• 14 July, 2024
Foreign Affairs, Geopolitics & National Security

No lights, no heat, no money – that’s life in Ukraine during cyber warfare

Sat, 15 Jan 2022   |  Reading Time: 2 minutes

By Christopher Bing and Joseph Menn

(Reuters) – Hackers who defaced and interrupted access to numerous Ukrainian government websites https://www.reuters.com/world/europe/exclusive-hackers-likely-used-software-administration-rights-third-party-hit-2022-01-14 on Friday could be setting the stage for more serious cyberattacks that would disrupt the lives of ordinary Ukrainians, experts said.

“As tensions grow, we can expect more aggressive cyber activity in Ukraine and potentially elsewhere,” said John Hultquist, an intelligence analyst at U.S. cybersecurity company Mandiant, possibly including “destructive attacks that target critical infrastructure.”

“Organizations need to begin preparing,” Hultquist added.

Intrusions by hackers on hospitals, power utility companies, and the financial system were until recently rare. But organized cybercriminals, many of them living in Russia, have gone after institutions aggressively in the past two years with ransomware, freezing data and computerized equipment needed to care for hospital patients.

In some cases, those extortion attacks have led to patient deaths, according to litigation, media reports and medical professionals.

Friday’s attack on Ukrainian websites included a warning to “be afraid and expect the worst”, at a time when Russia has amassed about 100,000 troops near Ukraine, raising fears in the West that it is considering an invasion. Moscow denies it wants to invade.

Russia has repeatedly rejected hacking allegations leveled by Ukraine and other countries over the years. While a suspect in the new web defacements, Russia has not been directly accused by Ukraine.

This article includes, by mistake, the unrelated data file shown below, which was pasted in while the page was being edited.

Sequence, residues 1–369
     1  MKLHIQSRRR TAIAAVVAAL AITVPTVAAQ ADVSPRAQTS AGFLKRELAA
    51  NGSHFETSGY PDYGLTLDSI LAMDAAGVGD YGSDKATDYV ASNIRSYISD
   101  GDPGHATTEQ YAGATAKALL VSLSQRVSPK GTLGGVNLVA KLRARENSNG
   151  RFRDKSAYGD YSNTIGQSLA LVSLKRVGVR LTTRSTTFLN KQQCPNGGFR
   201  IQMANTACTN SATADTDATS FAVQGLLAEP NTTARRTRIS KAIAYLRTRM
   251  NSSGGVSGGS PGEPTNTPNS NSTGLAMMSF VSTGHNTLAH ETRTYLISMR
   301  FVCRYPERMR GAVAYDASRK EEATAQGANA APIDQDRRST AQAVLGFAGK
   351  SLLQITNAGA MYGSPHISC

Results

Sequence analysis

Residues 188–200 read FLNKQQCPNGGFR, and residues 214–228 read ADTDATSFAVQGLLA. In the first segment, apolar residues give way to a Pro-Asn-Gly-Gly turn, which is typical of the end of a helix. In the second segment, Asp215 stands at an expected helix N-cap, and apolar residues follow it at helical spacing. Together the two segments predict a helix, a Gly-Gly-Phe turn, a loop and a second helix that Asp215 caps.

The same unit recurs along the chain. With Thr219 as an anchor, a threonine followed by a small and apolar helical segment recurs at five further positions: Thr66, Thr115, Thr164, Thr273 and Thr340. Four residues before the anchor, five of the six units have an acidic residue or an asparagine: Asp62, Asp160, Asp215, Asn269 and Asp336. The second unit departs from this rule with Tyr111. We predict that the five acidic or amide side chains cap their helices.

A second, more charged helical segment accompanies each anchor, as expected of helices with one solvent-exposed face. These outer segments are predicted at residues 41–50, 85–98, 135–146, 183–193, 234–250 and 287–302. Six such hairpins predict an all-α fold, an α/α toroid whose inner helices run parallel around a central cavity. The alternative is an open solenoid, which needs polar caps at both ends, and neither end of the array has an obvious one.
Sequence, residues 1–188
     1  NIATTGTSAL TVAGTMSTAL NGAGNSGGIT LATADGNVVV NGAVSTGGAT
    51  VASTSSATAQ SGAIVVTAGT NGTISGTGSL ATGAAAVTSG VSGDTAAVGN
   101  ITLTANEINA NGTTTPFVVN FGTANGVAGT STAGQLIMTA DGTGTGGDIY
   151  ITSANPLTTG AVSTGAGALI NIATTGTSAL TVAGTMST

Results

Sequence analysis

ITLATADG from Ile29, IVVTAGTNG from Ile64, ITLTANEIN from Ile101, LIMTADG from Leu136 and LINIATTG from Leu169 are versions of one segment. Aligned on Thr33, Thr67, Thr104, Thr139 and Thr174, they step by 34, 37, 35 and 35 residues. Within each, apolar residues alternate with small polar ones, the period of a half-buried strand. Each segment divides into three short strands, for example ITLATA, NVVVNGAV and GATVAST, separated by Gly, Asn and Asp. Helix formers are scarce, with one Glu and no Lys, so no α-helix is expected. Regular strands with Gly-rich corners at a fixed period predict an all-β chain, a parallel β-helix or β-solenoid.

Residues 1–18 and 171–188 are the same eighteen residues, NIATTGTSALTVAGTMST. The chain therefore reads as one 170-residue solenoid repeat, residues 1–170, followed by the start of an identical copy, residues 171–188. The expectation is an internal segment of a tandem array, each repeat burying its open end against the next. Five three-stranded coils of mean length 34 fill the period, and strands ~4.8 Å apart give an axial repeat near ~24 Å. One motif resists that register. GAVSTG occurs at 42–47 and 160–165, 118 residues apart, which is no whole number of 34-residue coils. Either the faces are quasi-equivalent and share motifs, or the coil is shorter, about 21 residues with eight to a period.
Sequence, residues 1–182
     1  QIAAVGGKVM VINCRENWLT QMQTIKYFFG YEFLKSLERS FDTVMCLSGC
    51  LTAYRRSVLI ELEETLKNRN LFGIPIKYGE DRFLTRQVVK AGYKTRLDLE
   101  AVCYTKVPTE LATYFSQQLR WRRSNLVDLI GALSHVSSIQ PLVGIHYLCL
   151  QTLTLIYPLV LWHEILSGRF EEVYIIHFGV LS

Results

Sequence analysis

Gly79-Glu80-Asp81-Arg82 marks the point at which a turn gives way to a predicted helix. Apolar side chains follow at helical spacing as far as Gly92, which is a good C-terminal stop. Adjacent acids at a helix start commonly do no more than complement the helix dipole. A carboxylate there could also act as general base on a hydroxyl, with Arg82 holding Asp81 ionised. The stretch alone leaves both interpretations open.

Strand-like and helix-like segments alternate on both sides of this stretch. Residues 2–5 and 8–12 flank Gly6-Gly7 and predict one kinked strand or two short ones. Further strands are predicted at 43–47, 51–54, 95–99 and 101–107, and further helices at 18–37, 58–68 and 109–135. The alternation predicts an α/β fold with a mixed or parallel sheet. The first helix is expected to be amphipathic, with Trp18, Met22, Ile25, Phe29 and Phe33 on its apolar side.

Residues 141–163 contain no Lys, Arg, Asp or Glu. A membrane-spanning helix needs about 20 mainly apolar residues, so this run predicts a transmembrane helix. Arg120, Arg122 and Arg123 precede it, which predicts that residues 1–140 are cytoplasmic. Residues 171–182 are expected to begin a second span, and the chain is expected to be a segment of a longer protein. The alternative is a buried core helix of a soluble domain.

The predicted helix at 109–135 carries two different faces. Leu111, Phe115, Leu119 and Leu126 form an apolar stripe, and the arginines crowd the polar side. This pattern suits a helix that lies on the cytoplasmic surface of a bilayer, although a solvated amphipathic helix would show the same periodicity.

In 2014 Russian troops went into the Black Sea peninsula of Crimea and annexed it from Ukraine. If Russia invades again, more cyberattacks would occur too, predicted former CrowdStrike cybersecurity executive Dmitri Alperovitch.

They would most likely be disruptive, not fatal, Alperovitch said. “It will be a sideshow. The main show will be on the ground.”

Ukraine has already borne the brunt of some of the largest hacks on infrastructure to date.

In December 2015, a first-of-its-kind cyber attack cut the lights to 225,000 people in western Ukraine, with hackers also sabotaging power distribution equipment, complicating attempts to restore power.

The average temperature during the winter in Ukraine is bellow freezing and losing heat is potentially lethal. Outages in the 2015 attack reportedly lasted six hours in some towns.

In the last two months of 2016, hackers targeted Ukrainian state institutions about 6,500 times, officials said. The cyberattacks showed Russian security services were waging a cyberwar against Ukraine, the government said.

An attack on the State Treasury halted its systems for several days, meaning state workers and pensioners had been unable to receive their salaries or payments on time.

The attacks against Ukraine’s power grid are considered by experts as the first examples of hackers shutting off critical energy systems supplying heat and light to millions of homes.


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